Residents in Groves and many other Texas communities understand how high summer temperatures can climb, but may not understand how much their pets are at risk. Heatstroke can strike and kill in hours, but your simple actions can reduce this risk and keep your pets safe throughout the season. The Neighborhood Veterinary Centers team shares their pet heat safety tips and insights.

Recognizing heat safety risks in pets

Heatstroke is the biggest heat safety risk for pets and occurs when outside temperatures, humidity, or other factors (e.g., excessive activity) overwhelm your pet’s cooling mechanisms and cause their internal body temperature to rise. Elevated body temperatures cause cells to malfunction and die, leading to organ failure, brain damage, clotting problems, neurologic dysfunction and, in many cases, death.

Heatstroke is usually preceded by heat stress or heat exhaustion—similar conditions that place stress on the body’s cells, but do not elevate the body temperature high enough to cause permanent damage. Heat stress signs, which include weakness, vomiting, diarrhea, and muscle cramps, are often related to dehydration.

Pets who continue to exercise or remain in the heat will most likely develop heatstroke, which affects every body cell and tissue, but signs typically are related to the heart and nervous system. Seek immediate veterinary attention if your pet has been exposed to heat and shows these signs:

  • Stumbling or disorientation
  • Seizures
  • Unexplained bleeding or bruising, including bloody urine or diarrhea
  • Fast or irregular heartbeat
  • Red gums
  • Collapse
  • Death

Reducing heat-safety risks in pets

Follow these tips to help you and your pet stay safe during the summer heat:

  • Stay inside — Staying inside whenever possible is the best strategy for many high-risk pets, including older, brachycephalic (i.e., flat-faced), or chronically ill pets. For others, avoid outdoor activity during the hottest midday hours to greatly reduce their risk.
  • Supervise pets outdoors — Never leave your pet outdoors unattended if they have no respite from the heat. If you notice heat stress signs, take your pet inside to cool down.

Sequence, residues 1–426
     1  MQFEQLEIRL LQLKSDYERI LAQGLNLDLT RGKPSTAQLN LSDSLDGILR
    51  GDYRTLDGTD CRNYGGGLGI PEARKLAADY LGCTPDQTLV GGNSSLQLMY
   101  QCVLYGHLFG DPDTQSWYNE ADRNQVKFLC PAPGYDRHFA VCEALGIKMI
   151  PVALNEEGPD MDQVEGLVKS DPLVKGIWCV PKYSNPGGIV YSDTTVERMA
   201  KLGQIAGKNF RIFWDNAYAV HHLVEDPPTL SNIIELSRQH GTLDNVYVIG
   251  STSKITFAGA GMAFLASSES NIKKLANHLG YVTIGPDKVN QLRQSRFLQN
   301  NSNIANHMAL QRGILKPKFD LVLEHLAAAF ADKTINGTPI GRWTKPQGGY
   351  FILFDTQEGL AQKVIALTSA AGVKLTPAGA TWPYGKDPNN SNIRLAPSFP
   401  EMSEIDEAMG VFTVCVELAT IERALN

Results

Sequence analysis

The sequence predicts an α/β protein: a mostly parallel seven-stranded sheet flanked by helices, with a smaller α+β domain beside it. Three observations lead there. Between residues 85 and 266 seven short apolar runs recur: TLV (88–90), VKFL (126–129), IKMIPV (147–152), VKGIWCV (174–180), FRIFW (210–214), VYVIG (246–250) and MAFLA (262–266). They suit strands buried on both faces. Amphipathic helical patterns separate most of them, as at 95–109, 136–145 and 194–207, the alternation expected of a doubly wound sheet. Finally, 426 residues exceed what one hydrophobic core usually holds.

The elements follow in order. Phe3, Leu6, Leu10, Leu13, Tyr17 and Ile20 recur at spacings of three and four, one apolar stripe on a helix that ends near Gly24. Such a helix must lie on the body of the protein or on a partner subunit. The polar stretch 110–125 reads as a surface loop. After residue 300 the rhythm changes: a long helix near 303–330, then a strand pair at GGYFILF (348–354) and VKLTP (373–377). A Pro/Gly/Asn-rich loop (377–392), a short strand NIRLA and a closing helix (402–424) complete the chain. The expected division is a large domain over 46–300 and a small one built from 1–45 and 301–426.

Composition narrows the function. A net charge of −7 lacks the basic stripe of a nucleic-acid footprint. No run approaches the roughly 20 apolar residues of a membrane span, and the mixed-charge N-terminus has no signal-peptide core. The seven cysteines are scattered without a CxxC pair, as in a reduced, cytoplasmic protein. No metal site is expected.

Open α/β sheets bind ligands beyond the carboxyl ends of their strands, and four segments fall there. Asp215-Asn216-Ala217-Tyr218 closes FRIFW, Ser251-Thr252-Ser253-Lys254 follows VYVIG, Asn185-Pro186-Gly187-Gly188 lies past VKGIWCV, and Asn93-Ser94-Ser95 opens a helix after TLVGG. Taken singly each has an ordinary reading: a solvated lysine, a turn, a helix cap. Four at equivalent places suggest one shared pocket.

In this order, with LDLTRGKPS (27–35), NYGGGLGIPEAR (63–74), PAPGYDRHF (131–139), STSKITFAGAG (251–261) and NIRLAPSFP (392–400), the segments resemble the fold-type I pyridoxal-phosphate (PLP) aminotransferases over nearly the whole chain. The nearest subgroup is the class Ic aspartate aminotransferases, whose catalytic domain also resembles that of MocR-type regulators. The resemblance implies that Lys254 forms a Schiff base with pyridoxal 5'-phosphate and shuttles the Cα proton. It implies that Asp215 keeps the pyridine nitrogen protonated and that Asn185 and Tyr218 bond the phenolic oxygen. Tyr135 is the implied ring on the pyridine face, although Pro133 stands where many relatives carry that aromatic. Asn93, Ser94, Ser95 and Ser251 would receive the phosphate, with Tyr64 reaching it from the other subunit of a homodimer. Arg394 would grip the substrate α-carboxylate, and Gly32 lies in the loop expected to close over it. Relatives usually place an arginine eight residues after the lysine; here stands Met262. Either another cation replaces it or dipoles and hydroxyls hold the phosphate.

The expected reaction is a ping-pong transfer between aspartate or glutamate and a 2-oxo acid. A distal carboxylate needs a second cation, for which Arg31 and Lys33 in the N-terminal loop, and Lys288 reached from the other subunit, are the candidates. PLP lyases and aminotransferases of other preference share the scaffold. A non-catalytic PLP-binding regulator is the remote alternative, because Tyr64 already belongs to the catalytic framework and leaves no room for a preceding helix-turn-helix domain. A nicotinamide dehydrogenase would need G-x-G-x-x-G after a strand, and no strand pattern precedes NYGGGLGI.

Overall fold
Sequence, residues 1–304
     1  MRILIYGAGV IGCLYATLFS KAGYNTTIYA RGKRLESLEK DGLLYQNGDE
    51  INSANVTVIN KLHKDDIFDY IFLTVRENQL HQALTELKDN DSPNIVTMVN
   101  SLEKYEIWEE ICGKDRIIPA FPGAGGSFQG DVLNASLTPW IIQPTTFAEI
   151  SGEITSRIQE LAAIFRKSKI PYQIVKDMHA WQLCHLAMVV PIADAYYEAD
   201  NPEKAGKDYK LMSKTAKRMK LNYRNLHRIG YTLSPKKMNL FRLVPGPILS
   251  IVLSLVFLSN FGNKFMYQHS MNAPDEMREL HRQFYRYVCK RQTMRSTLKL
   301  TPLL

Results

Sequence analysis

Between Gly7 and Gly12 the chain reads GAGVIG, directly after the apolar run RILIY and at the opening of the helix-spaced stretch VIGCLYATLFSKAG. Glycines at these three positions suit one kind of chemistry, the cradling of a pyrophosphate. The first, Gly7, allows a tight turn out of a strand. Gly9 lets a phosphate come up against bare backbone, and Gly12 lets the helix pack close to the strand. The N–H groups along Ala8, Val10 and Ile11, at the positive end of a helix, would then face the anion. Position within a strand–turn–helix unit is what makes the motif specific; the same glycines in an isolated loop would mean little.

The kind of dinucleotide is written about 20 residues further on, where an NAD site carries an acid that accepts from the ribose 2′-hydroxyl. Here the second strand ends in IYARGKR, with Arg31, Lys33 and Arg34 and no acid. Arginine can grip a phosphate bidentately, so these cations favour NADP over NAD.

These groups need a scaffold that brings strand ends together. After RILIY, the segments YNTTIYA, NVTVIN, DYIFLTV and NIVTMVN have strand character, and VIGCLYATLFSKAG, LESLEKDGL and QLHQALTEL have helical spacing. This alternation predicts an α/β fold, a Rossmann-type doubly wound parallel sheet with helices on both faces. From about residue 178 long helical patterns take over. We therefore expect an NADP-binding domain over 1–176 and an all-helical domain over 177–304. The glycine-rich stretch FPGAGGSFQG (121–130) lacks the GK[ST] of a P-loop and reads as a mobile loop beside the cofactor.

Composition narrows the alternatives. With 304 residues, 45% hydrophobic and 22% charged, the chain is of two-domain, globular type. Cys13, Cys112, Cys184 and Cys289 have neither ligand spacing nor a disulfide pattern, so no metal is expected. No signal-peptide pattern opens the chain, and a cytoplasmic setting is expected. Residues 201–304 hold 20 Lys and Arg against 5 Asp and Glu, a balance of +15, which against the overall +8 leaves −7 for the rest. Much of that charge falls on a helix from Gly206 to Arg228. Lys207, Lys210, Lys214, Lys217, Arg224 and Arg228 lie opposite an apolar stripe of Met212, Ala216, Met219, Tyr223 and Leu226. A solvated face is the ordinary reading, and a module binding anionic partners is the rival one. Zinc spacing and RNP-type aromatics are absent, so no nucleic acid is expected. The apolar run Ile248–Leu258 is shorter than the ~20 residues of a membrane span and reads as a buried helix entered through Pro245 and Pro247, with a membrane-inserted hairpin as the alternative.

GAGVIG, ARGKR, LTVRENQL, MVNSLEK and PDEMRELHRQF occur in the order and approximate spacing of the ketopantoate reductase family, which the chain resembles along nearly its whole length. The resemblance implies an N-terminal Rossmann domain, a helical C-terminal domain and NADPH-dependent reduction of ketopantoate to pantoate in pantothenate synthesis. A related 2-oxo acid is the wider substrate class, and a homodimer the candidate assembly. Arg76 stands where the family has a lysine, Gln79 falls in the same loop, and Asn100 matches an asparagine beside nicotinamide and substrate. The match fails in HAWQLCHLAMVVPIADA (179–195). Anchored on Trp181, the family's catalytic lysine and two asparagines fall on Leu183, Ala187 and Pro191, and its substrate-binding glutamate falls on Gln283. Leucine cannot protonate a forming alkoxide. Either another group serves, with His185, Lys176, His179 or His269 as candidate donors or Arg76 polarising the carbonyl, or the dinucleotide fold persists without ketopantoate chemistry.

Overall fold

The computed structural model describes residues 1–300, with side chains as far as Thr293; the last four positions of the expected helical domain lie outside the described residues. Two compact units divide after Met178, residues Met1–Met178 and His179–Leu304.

• Do not leave pets in cars — Cars act like ovens on hot—or relatively cool—days. Never leave pets inside the car without air-conditioning.
  • Provide shade and water — Shade lowers ground temperatures significantly, and water keeps pets hydrated and enables them to cool down, because their body fluids evaporate as they pant. 
  • Help pets acclimate slowly — Pets who like to be active outdoors will benefit from a gradual increase in their daily time outside to slowly acclimate. 
  • Use cooling products or water toys — Baby pools, full-size pools, sprinklers, and cooling mats or vests are viable options for pets to spend more time outdoors and have some fun, but always supervise your pet when drowning is a potential risk.

Treating heat-related illness in pets

Pets with mild heat stress should go indoors into a cool area and drink cool water. If your pet’s stomach is upset, offer them ice chips. Check their body temperature rectally with a digital thermometer, if possible—if their temperature is 104 degrees or higher, and they are showing the more serious heatstroke signs listed above, they need prompt cooling measures and immediate care at our office or a veterinary emergency facility. Call the hospital before leaving for instructions on cooling your pet en route, which will increase their chances for a positive outcome. Pets with heatstroke often require intensive hospitalized care with specialized monitoring for several days.

Additional summer pet safety hazards

Other hazards to look out for during the summer include:

  • Hot surfaces — Pavement or metal can burn your pet’s paws or skin. Check surfaces before your pet lies down and encourage them to walk on grass, concrete, or dirt paths.
  • Getting lost — More pets go missing during summer, as people spend more time outside, host parties, and set off scary fireworks. Ask our team about a microchip to permanently identify your pet.
  • Parasites and bug bites — A monthly parasite preventive that you can obtain conveniently through our online store will help your pet avoid the misery and potentially serious diseases associated with fleas, ticks, and mosquito-borne heartworm infections. A pet-specific insect repellent also can reduce insect bites and potential allergic reactions.

Call our Neighborhood Veterinary Centers team in Groves, Texas, to learn more about heat safety, or to schedule a wellness visit and summer safety consultation. For pets experiencing urgent heat-related illness signs, head to your nearest veterinary emergency center for immediate, life-saving care.